11. A device according to claim 1, wherein the means for actively discharging the drug comprises an electrically controlled gas generator within the housing for generating a gas to contract the drug reservoir in order to discharge the drug therefrom.
12. A device according to claim 11, wherein the gas generator is an electrolytic cell.
13. A device according to claim 11, further comprising a start button which is depressible in order to energize the gas generator and thereby to start discharging the drug from the drug reservoir.
14. A device according to claim 13, further comprising an electronic circuit for controlling the time and rate of gas generation, thereby controlling the discharge of the drug from the drug reservoir.
15. A device according to claim 14, wherein the electronic circuit comprises a microprocessor which is programmable with respect to the time and rate of gas generation.
16. A device according to claim 11, wherein the housing includes a plurality of drug reservoirs, each reservoir being contractible by a separate gas generator and communicating with an outlet cavity with which the single hollow needle also communicates.
17. A device according to claim 16, wherein all the drug reservoirs communicate in series with the outlet cavity.
18. A device according to claim 16, wherein all the drug reservoirs communicate in parallel with the outlet cavity.
19. A device according to claim 1, wherein the housing includes a plurality of drug reservoirs, each having a single hollow needle associated therewith.
20. A device according to claim 19, wherein each drug reservoir delivers a different liquid drug to the subject.
21. A device according to claim 1, wherein the housing further includes a sensor for detecting a condition in the body of the subject and for controlling the delivery of the drug in response thereto.
22. A device according to claim 21, wherein the sensor is a temperature sensor for sensing the temperature of the subject and for controlling the delivery of the drug in response thereto.
23. A device according to claim 21, wherein the sensor is a pulse rate sensor for sensing the pulse rate of the subject and for controlling the delivery of the drug in response thereto.
24. A device according to claim 21, wherein the sensor is a blood glucose sensor for sensing the blood glucose level of the subject and controlling the delivery of the drug in response thereto.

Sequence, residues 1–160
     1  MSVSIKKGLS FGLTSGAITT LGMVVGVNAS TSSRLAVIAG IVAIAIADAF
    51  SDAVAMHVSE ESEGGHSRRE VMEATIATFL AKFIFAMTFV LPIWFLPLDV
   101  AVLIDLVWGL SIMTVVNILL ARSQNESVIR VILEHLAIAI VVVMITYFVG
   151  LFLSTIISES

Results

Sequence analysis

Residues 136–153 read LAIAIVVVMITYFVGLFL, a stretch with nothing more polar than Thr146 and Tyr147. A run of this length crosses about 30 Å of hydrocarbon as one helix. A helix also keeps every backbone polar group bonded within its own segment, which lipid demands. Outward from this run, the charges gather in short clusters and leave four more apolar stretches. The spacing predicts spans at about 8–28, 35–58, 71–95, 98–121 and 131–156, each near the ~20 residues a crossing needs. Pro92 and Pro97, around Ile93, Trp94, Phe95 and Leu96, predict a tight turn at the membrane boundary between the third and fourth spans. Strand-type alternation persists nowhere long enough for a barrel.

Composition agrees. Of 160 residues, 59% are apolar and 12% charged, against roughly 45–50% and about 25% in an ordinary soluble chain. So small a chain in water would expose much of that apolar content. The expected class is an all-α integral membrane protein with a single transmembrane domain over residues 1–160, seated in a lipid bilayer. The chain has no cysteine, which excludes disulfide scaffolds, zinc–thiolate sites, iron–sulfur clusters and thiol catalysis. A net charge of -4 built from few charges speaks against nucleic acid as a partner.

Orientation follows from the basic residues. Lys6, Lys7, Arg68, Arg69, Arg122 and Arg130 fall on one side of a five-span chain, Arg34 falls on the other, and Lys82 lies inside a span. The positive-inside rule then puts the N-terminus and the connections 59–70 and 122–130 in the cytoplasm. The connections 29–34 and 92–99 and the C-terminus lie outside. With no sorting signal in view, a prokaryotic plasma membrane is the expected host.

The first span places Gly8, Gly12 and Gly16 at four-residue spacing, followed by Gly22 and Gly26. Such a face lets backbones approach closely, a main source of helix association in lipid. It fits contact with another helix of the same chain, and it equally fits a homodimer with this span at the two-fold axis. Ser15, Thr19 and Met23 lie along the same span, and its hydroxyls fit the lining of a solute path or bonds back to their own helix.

25. A device according to claim 21, wherein the sensor is a blood pressure sensor for sensing the blood pressure of the subject and controlling the delivery of the drug in response thereto.
26. A device according to claim 21, wherein the sensor is a pH sensor for sensing the pH of a body fluid of the subject and controlling the delivery of the drug in response thereto.
27. A device according to claim 8, wherein the means for actively discharging the drug comprises a spring which is stressed by the expansion of the drug reservoir upon filling it with a drug, and which tends to return to its unstressed condition to contract the reservoir and thereby to discharge the drug via the hollow needle.
28. A device according to claim 8, wherein the means for actively discharging the drug comprises a membrane which is stressed by the expansion of the drug reservoir upon filling it with a drug, and which tends to return to its unstressed condition to contract the reservoir and thereby to discharge the drug via the hollow needle.
29. A device according to claim 8, wherein the means for actively discharging the drug comprises a deformable liquid-impermeable membrane, and a rigid liquid-permeable membrane; one side of the deformable liquid-impermeable membrane defining one side of the drug reservoir; the opposite side of the deformable liquid-impermeable membrane and one side of the rigid liquid-permeable membrane defining a saline reservoir for receiving a saline solution; the opposite side of the rigid liquid-permeable membrane defining, with a rigid part of the housing, a pure water reservoir for receiving pure water to expand the saline reservoir by osmosis, thereby to contract the drug reservoir in order to dispense the drug therefrom via the hollow needle.
30. A device according to claim 1, which further comprises a membrane which is permeable to the liquid drug and impermeable to solid impurities, the membrane covering the inner end of the hollow needle.
31. A device according to claim 1, wherein the drug is selected from peptides, proteins, hormones, analgesics, anti-migraine agents, anti-coagulant agents, anti-emetic agents, cardiovascular agents, anti-hypertensive agents, narcotic antagonists, chelating agents, anti-anginal agents, chemotherapy agents, sedatives, anti-neoplastics, prostaglandins and antidiuretic agents.
32. A device according to claim 3, wherein the adhesive coating further comprises a secondary drug capable of reducing local irritation or pain.
33. A device according to claim 1, wherein the shape of the outer end of the hollow needle is selected from a bias cut, a flat cut, a conical cut, or an inverse conical cut.
34. A device according to claim 1, wherein the outer end of the hollow needle is closed and the hollow needle has an opening within 2.9 mm of the outer end.
35. A device according to claim 1, wherein the protective displaceable cover can be movably positioned so as to allow the hollow needle to project outwards from the lower surface of the cover a preselected multiplicity of different lengths when the lower surface of the cover is affixed to the subject.
36. An intradermal drug delivery device for delivering a liquid drug to a subject via the subject's skin, comprising:
(a) a housing having a lower surface;
(b) a drug reservoir within the housing, wherein the reservoir is in the form of an expansible-contractible chamber which is expanded when filled with the drug and which can be contracted to dispense the drug therefrom;